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Moody's Corporation (NYSE:MCO) Looks Interesting, And It's About To Pay A Dividend

It looks like Moody's Corporation (NYSE:MCO) is about to go ex-dividend in the next four days. The ex-dividend date is one business day before the record date, which is the cut-off date for shareholders to be present on the company's books to be eligible for a dividend payment. The ex-dividend date is an important date to be aware of as any purchase of the stock made on or after this date might mean a late settlement that doesn't show on the record date. Accordingly, Moody's investors that purchase the stock on or after the 23rd of February will not receive the dividend, which will be paid on the 17th of March.

The company's next dividend payment will be US$0.77 per share, on the back of last year when the company paid a total of US$3.08 to shareholders. Looking at the last 12 months of distributions, Moody's has a trailing yield of approximately 1.0% on its current stock price of $301.45. If you buy this business for its dividend, you should have an idea of whether Moody's's dividend is reliable and sustainable. As a result, readers should always check whether Moody's has been able to grow its dividends, or if the dividend might be cut.

Check out our latest analysis for Moody's

Dividends are typically paid out of company income, so if a company pays out more than it earned, its dividend is usually at a higher risk of being cut. That's why it's good to see Moody's paying out a modest 37% of its earnings.

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Generally speaking, the lower a company's payout ratios, the more resilient its dividend usually is.

Click here to see the company's payout ratio, plus analyst estimates of its future dividends.

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historic-dividend

Have Earnings And Dividends Been Growing?

Companies with consistently growing earnings per share generally make the best dividend stocks, as they usually find it easier to grow dividends per share. If earnings decline and the company is forced to cut its dividend, investors could watch the value of their investment go up in smoke. This is why it's a relief to see Moody's earnings per share are up 7.4% per annum over the last five years.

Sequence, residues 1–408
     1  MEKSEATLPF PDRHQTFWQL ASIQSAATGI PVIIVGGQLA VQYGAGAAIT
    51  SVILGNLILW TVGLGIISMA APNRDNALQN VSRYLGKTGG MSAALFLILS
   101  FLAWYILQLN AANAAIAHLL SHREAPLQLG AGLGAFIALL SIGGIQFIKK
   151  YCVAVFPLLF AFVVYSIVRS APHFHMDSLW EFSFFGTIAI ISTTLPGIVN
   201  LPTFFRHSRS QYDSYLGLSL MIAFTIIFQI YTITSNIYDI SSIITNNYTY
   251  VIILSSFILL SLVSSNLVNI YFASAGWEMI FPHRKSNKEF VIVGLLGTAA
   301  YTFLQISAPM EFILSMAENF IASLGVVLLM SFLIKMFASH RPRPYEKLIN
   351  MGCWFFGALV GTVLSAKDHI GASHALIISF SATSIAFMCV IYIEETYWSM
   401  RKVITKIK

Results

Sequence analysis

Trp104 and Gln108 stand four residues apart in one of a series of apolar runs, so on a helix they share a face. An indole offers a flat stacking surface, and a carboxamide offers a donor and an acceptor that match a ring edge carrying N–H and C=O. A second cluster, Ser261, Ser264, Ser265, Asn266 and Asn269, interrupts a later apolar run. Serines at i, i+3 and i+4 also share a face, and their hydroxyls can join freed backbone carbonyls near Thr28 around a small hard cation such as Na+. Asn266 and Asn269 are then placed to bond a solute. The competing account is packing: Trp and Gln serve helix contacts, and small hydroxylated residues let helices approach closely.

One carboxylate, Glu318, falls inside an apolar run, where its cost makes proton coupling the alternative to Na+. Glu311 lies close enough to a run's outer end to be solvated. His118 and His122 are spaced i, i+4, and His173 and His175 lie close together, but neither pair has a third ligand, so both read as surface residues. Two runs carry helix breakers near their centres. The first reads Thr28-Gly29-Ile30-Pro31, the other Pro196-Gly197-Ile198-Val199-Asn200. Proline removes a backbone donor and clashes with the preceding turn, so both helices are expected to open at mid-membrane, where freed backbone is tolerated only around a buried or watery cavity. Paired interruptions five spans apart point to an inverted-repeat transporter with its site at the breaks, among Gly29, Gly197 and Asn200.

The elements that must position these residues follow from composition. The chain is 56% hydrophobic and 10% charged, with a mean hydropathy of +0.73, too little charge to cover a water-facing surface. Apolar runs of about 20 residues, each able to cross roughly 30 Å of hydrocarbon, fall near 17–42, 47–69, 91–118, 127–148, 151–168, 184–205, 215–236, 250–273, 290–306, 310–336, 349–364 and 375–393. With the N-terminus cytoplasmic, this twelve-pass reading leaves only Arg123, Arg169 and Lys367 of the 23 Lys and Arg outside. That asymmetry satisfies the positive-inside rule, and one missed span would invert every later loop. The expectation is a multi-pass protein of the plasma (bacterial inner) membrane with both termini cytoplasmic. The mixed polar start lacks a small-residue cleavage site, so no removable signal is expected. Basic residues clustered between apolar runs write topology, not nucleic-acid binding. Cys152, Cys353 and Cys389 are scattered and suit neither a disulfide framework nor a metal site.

Many investors will assess a company's dividend performance by evaluating how much the dividend payments have changed over time. In the last 10 years, Moody's has lifted its dividend by approximately 17% a year on average. It's encouraging to see the company lifting dividends while earnings are growing, suggesting at least some corporate interest in rewarding shareholders.

To Sum It Up

Is Moody's worth buying for its dividend? Moody's has seen its earnings per share grow slowly in recent years, and the company reinvests more than half of its profits in the business, which generally bodes well for its future prospects. We think this is a pretty attractive combination, and would be interested in investigating Moody's more closely.

While it's tempting to invest in Moody's for the dividends alone, you should always be mindful of the risks involved. Every company has risks, and we've spotted 2 warning signs for Moody's (of which 1 doesn't sit too well with us!) you should know about.

A common investing mistake is buying the first interesting stock you see. Here you can find a full list of high-yield dividend stocks.

Have feedback on this article? Concerned about the content? Get in touch with us directly. Alternatively, email editorial-team (at) simplywallst.com.

This article by Simply Wall St is general in nature. We provide commentary based on historical data and analyst forecasts only using an unbiased methodology and our articles are not intended to be financial advice. It does not constitute a recommendation to buy or sell any stock, and does not take account of your objectives, or your financial situation. We aim to bring you long-term focused analysis driven by fundamental data. Note that our analysis may not factor in the latest price-sensitive company announcements or qualitative material. Simply Wall St has no position in any stocks mentioned.

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